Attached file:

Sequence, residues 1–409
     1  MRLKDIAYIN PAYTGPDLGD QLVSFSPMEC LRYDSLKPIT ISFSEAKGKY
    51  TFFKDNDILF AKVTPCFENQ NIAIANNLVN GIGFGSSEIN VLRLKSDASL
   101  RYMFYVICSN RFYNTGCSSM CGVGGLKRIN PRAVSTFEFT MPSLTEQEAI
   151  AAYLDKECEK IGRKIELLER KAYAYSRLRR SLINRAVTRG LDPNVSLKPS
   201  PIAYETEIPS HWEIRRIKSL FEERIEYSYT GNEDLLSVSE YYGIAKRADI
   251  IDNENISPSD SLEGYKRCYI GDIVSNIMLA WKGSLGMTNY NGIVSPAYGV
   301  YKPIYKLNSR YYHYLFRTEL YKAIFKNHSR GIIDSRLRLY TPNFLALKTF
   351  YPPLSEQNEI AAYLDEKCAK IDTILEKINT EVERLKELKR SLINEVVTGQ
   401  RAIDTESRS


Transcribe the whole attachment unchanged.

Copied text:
Sequence, residues 1–409
     1  MRLKDIAYIN PAYTGPDLGD QLVSFSPMEC LRYDSLKPIT ISFSEAKGKY
    51  TFFKDNDILF AKVTPCFENQ NIAIANNLVN GIGFGSSEIN VLRLKSDASL
   101  RYMFYVICSN RFYNTGCSSM CGVGGLKRIN PRAVSTFEFT MPSLTEQEAI
   151  AAYLDKECEK IGRKIELLER KAYAYSRLRR SLINRAVTRG LDPNVSLKPS
   201  PIAYETEIPS HWEIRRIKSL FEERIEYSYT GNEDLLSVSE YYGIAKRADI
   251  IDNENISPSD SLEGYKRCYI GDIVSNIMLA WKGSLGMTNY NGIVSPAYGV
   301  YKPIYKLNSR YYHYLFRTEL YKAIFKNHSR GIIDSRLRLY TPNFLALKTF
   351  YPPLSEQNEI AAYLDEKCAK IDTILEKINT EVERLKELKR SLINEVVTGQ
   401  RAIDTESRS